Erika Köth (Konstanze), Lotte Schädle (Blonde), Fritz Wunderlich (Belmonte), Friedrich Lenz (Pedrillo), Kurt Böhme (Osmin), Chor der Bayerische Staatsoper, Bayerische Staatsorchester, Eugen Jochum

Although Jochum adopts a full, string-oriented orchestral sound, the swift accents, the forward movement and sense of theatre keep it within the realms of Mozartian style, a pinch of Beethoven but not enough too spoil the fun. The Bavarian State Orchestra responds adeptly and offers multicolored sound throughout. This recording’s claim to fame, however, is the casting of Fritz Wunderlich in the role of Belmonte. His is certainly the richest, fullest and arguably the most beautiful voice recorded in this role (and he sings the complete Ich baue ganz). Nobody could fault him of any lapse in musicianship, but there are some tics of ardent tenorism such as portamento and emphatic high notes that could bother some purists. No one would consider this the redhibitory feature in these CDs – rather the fact that it has two Blondchens and seriously wants a Konstanze. It is commendable that Erika Köth did not try to produce something nature refused her: the voice of a Mozartian prima donna. Her soubrettish soprano – flexible as it is – cannot help sounding twittery and coy. She cannot trill either, and she is desperate with what she has to do in the end of Martern aller Arten. Sometimes, she deals with her staccato and melisme with the text vowel, what is praiseworthy, but not always. Lotte Schädle’s bell-toned soprano is more pleasing on the ear and yet she has the habit of pecking at notes. Friedrich Lenz is a firm-toned Pedrillo with ringing top notes, while Kurt Böhme does some strange adaptions in the text to deal with the extreme low notes and the fioriture. He disguises it with “acting with the voice” and is otherwise very funny and boorish sounding.

Anneliese Rothenberger (Konstanze), Reri Grist (Blonde), Fritz Wunderlich (Belmonte), Gerhard Unger (Pedrillo), Fernando Corena (Osmin), Chor der Wiener Staatsoper, Wiener Philharmoniker, Zubin Mehta

The Strehler/Mehta Salzburg was broadcast in its first season with a very glamorous cast involving singers who would appear in studio recordings in the following years. Mehta’s energetic approach to the score is very much as one would hear in 1966, although here the level of mismatches between the stage and the pit is marginally higher. The conductor had a good influence on his prima donna – although Anneliese Rothenberger’s singing is not faultless as in studio, here she sounds plugged in and involved rather than sleepwalking as in Krips’s recording. Reri Grist sounds as lovely as she would in 1966. Fritz Wunderlich is in exceptional voice as Belmonte, even better than in studio, but also freer in style. This surprisingly involves some ornamentation. Here he sings a simplified version of Ich baue ganz and no Wenn der Freude. It is amazing how much of Gerhard Unger’s stage performance is carried in his singing alone. He is as good as he would be the following year (and in studio). Fernando Corena’s Osmin is here a bit over the top and would find its ideal level of expression on video.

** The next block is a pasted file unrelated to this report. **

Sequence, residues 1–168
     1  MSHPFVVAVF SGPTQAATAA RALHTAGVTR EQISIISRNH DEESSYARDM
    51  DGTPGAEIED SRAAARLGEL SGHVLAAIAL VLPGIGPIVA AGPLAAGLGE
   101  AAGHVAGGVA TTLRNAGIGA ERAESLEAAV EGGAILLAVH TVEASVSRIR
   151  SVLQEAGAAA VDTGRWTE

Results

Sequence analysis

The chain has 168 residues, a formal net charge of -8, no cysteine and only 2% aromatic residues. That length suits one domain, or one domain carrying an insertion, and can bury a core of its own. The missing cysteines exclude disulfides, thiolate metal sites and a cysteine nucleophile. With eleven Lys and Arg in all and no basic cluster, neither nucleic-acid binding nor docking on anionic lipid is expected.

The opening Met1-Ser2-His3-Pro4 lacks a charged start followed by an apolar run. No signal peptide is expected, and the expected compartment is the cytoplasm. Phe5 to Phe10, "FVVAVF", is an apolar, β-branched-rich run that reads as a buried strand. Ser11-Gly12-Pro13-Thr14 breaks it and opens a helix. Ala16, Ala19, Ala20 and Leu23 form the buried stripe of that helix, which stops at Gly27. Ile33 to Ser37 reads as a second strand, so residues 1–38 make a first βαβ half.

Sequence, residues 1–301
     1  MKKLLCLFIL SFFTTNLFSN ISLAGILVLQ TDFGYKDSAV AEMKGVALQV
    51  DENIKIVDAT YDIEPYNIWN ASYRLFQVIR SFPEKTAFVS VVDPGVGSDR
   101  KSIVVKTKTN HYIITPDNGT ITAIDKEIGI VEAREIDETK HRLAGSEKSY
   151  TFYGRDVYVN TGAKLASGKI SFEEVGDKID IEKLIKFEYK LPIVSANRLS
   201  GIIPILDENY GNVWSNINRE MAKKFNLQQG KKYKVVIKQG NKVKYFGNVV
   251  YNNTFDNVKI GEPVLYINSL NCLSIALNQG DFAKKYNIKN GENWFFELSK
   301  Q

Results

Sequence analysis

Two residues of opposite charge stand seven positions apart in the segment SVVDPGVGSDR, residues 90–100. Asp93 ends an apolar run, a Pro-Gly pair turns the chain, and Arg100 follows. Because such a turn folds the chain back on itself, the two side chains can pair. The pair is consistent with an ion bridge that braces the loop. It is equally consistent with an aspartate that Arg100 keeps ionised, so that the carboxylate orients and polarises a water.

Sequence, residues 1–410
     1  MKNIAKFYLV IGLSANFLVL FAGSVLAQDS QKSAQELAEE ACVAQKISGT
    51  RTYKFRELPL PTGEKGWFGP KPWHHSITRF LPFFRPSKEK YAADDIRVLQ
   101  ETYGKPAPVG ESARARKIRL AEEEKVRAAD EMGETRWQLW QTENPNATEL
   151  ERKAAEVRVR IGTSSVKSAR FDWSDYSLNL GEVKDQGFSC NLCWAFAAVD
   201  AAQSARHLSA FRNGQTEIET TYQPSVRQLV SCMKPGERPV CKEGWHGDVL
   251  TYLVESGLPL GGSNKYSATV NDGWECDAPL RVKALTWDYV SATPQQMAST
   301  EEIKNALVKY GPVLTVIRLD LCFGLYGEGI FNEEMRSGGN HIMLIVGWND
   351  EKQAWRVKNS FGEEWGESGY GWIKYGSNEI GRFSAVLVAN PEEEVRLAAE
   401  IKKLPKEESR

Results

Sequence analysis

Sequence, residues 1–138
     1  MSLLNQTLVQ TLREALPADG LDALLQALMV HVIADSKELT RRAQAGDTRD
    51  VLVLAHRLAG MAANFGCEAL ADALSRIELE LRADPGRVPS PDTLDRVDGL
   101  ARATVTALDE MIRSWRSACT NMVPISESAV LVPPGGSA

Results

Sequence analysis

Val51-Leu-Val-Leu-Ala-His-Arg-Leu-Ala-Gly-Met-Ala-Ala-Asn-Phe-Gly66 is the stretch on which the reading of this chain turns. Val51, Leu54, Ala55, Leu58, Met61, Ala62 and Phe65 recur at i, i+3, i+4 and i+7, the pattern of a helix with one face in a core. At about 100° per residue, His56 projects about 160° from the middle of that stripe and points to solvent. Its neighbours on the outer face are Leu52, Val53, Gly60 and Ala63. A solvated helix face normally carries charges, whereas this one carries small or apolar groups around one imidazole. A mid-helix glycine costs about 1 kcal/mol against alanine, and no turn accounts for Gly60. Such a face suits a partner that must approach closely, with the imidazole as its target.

Jutta Vulpius (Konstanze), Rosmarie Rönsch (Blonde), Rolf Apreck (Belmonte), Jürgen Förster (Pedrillo), Arnold van Mill (Osmin), Chor der Staatsoper Dresden, Staatskapelle Dresden, Otmar Suitner

As in his studio recording of Die Zauberflöte, the great asset of Otmar Suitner’s CDs are the flexible playing of the Staatskapelle Dresden, which can be sampled in more glamorous circumstances in Karl Böhm’s recording. Suitner, however, is often more animated in tempo and lighter in perspective than Dr. Böhm. The cast, does not survive the competition, though. Jutta Valpius has good intentions and is a sensitive singer, but lacks the technique to really do Konstanze justice. Even Traurigkeit ward mir zum Lose tests her: the voice looses color and focus in high notes and often sound breathy and/or tremulous. The shift to her low register is quite bumpy too, and there are moments when she sounds frankly worn. Curiously, she acquits herself rather decently with the coloratura and – even with the above-mentioned problems – sounds confident both in Ach, ich liebte and Martern aller Arten. Rosmarie Rönsch’s soprano is sometimes reminiscent of Rita Streich’s. Her high register is less bright and consistent, though. She is a charming Blonde. Rolf Apreck is a puzzling choice for the role of Belmonte. The voice is not particularly appealing, his phrasing is awkward for this music and he has moments of dubious intonation. The deletion of Ich baue ganz is no great loss in these circumstances. The same words could be used to describe Jürgen Förster’s Pedrillo. Arnold van Mill is the most notable name in the cast – and one hears why. Even if his Osmin sounds like a humourless person’s attempt at being funny, the velvety tonal quality, the spacious low notes, the clean phrasing are more than compensation for accented German and an often bleached high register. The original release had dialogues delivered by a group of actors.

Lois Marshall (Konstanze), Ilse Hollweg (Blonde), Leopold Simoneau (Belmonte), Gerhard Unger (Pedrillo), Gottlob Frick (Osmin), Beecham Choral Society, Royal Philharmonic Orchestra, Thomas Beecham